#15 ::: SOBoron ::: (view all by) ::: April 05, 2010, 07:33 PM:

high school student, tampa, florida. had to wake up at 6 for school. saw the shuttle taking off in front of me as i was driving to school.

#16 ::: Xopher ::: (view all by) ::: April 05, 2010, 08:21 PM:

SOBoron 15: Serendipity! Lucky you.

And welcome!

#17 ::: TomB ::: (view all by) ::: April 05, 2010, 10:42 PM:

Here's a NASA photo. Wish I'd been there to see the launch in person.

#18 ::: Claude Muncey ::: (view all by) ::: April 06, 2010, 03:09 AM:

Unfortunately I was on the wrong side of the country to see this -- night launches are spectacular.

However, there is one detail that is bothering me. Several times today I have read or heard that the sky was lit up by the Shuttle's main engines. That is simply wrong. The main engines are SSMEs, sea level oxygen/hydrogen engines. The jets are clear to bluish, and can be hard to see from some angles in daylight. The two solid fuel boosters are something else entirely. The primary fuel is aluminum, and metals tend to burn very brightly. Those engines produce the impressive show, with lots of light and smoke.

My one night launch was nearly 30 years ago -- the Air Force invited a group of reporters to watch a Minuteman III test fired west toward Kwajalein. We were bussed in through the Surf gate early in the morning and watched from Ocean Beach, looking north. We knew roughly when the launch was scheduled for, but all we really could do is stare up the coast and wait. It was overcast, and we were not sure what we were looking for.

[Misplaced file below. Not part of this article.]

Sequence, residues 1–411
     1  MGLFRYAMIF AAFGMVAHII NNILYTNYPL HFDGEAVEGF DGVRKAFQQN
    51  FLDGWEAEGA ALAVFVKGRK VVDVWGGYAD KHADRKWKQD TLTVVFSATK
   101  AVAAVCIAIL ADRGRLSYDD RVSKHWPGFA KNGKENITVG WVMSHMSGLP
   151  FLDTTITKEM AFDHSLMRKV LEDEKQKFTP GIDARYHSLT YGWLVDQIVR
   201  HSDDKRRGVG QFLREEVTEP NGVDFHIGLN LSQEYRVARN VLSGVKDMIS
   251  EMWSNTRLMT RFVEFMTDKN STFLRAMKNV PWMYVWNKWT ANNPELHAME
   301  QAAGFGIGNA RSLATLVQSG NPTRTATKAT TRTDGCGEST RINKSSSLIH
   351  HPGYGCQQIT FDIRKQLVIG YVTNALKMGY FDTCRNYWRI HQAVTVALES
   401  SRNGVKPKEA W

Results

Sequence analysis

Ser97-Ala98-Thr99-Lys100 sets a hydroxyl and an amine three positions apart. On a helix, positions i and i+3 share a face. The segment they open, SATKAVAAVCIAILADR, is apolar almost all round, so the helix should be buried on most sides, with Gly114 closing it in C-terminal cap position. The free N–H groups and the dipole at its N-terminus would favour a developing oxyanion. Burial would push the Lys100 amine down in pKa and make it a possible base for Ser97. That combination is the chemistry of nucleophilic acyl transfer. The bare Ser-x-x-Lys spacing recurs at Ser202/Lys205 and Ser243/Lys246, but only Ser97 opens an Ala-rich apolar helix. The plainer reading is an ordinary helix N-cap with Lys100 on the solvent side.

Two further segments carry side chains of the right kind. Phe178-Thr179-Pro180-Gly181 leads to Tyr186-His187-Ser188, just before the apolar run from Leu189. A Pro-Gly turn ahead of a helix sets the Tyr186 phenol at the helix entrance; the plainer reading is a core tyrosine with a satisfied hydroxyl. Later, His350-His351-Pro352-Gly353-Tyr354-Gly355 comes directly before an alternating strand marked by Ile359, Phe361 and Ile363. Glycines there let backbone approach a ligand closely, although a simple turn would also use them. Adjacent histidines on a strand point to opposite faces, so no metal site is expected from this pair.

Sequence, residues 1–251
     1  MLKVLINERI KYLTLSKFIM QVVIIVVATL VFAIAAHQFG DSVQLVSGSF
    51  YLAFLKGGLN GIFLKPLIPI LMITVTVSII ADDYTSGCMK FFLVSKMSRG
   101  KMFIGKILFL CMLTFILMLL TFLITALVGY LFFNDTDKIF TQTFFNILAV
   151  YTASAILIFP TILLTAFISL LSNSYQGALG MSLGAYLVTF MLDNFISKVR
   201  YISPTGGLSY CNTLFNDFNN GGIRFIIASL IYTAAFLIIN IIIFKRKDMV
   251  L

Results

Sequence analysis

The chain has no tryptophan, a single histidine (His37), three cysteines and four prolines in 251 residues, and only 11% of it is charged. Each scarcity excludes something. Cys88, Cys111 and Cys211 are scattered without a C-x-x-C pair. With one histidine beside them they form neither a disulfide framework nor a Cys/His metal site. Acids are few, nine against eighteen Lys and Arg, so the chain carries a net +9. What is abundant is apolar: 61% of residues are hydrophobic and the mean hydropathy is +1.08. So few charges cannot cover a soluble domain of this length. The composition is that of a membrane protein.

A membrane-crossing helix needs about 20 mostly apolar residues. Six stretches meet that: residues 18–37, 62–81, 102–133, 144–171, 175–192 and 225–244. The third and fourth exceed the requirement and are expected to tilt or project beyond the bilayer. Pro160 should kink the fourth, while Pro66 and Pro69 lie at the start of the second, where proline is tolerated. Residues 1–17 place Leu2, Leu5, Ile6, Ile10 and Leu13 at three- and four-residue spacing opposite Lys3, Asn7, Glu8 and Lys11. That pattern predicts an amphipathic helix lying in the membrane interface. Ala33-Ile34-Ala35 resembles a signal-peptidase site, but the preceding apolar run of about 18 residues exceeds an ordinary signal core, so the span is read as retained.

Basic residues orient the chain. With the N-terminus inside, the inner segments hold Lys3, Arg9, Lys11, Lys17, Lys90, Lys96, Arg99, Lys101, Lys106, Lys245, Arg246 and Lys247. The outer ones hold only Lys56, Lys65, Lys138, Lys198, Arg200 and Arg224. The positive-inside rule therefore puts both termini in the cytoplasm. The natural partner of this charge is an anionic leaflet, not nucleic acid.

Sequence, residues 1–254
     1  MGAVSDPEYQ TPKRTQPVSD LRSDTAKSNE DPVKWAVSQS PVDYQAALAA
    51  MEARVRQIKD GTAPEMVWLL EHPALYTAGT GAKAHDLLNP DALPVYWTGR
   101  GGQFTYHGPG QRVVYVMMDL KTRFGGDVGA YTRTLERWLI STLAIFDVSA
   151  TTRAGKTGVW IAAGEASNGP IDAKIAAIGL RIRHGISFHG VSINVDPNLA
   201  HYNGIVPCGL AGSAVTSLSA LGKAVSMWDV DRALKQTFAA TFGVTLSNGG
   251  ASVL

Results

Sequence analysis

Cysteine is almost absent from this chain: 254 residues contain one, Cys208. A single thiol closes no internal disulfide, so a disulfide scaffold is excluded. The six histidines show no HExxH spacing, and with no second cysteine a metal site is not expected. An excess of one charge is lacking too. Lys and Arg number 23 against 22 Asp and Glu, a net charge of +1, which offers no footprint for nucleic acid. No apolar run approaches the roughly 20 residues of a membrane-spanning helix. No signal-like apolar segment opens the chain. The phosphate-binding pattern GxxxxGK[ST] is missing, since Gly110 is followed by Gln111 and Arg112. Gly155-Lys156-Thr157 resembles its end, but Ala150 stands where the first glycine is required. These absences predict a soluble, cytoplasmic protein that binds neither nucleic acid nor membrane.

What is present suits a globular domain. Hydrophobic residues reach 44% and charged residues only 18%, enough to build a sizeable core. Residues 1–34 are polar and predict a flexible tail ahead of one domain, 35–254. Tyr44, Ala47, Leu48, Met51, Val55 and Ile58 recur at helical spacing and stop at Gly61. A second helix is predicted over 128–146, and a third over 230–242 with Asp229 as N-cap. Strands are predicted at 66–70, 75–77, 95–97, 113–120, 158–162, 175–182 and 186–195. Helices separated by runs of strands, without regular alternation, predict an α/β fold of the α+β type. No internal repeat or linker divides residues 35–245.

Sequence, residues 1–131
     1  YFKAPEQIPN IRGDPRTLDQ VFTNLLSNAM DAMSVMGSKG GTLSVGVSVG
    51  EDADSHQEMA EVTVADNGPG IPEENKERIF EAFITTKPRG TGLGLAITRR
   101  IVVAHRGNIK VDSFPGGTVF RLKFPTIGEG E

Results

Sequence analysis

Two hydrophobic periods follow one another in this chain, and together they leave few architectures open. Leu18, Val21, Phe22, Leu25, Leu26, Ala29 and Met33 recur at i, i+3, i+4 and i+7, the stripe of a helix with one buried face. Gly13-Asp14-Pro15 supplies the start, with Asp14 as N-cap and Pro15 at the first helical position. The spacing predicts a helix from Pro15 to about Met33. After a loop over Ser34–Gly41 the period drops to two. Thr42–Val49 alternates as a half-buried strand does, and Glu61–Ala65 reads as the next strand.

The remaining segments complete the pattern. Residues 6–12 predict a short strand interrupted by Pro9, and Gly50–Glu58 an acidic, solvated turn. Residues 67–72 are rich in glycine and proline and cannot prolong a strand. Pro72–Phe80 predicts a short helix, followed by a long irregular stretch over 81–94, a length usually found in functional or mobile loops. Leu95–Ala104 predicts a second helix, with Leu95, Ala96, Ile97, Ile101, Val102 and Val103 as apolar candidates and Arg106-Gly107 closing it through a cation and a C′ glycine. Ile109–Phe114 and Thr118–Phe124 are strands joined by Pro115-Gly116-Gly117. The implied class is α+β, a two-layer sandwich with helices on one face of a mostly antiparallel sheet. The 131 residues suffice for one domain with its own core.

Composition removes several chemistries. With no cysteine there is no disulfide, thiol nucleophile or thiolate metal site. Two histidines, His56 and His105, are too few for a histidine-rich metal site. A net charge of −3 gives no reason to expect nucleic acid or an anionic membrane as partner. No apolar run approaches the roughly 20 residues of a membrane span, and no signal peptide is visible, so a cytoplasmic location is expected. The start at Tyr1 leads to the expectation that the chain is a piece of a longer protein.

As it turned out we really could not see the launch silo directly, but it didn't matter. We could see the flame a couple of miles up the coast and that sucker roared up through the overcast and lit up the entire sky for several seconds. Nothing beats solid fuel for pleasing a crowd.

#19 ::: Claude Muncey ::: (view all by) ::: April 06, 2010, 03:23 AM:

Whoops -- that's the Surf gate at Vandenberg AFB north of Santa Barbara. Firing a Minuteman west from Canaveral might be a problem.

#20 ::: Emma ::: (view all by) ::: April 06, 2010, 06:25 AM:

I watched the shuttle go over late at night on, I think, New Year's Eve 2008, on a dark golf course at Crescent Head, on the mid-north coast of New South Wales. We let the 8 and 5 year olds stay up and come out walking in the dark, and we all saw it moving through the dark sky in front of the stars of the southern sky. The kids were entranced -- they still talk about it.

#21 ::: Dr. Psycho ::: (view all by) ::: April 06, 2010, 05:17 PM:

One more expression of thanks to laurel @5. Lovely description

I'd really like to see a launch one day -- or a landing, for that matter.

For now, I must content myself with seeing them pass over Oregon, thanks to

#22 ::: jake bodhi ::: (view all by) ::: April 07, 2010, 05:31 PM:

I saw the shuttle contrail Monday morning while driving east on Apalachee Parkway in Tallahassee at about 6:50 am Monday morning. I didn't know what was going on and I wondered who lit up that big question mark in the sky? It was like I was a citizen of Gotham City and the Riddler had just posted a sky message all over the bat signal. As I was stopped at a light I tried to figure out why the sky was illuminated like this. At first I thought it was a break in the clouds and the early sun was shining through, but the sun wasn't up yet, and it wasn't supposed to be cloudy. The question mark was pure white, and there was a fainter red zigzag trail below that. Later I heard news of a launch and I figured I saw the contrail, high up in the sky, illuminated by a sun below the horizon. Now that's pretty cool for a morning commute. I got confirmation of this siting from a local astronomer.
I was on the Canaveral jetty last summer for the Atlantis Hubble mission. A beautiful mostly clear day, the shuttle cut the sky like an archangels' sword of fire. I should be out on A1A at the end of July for another launch viewing. This time from Titusville.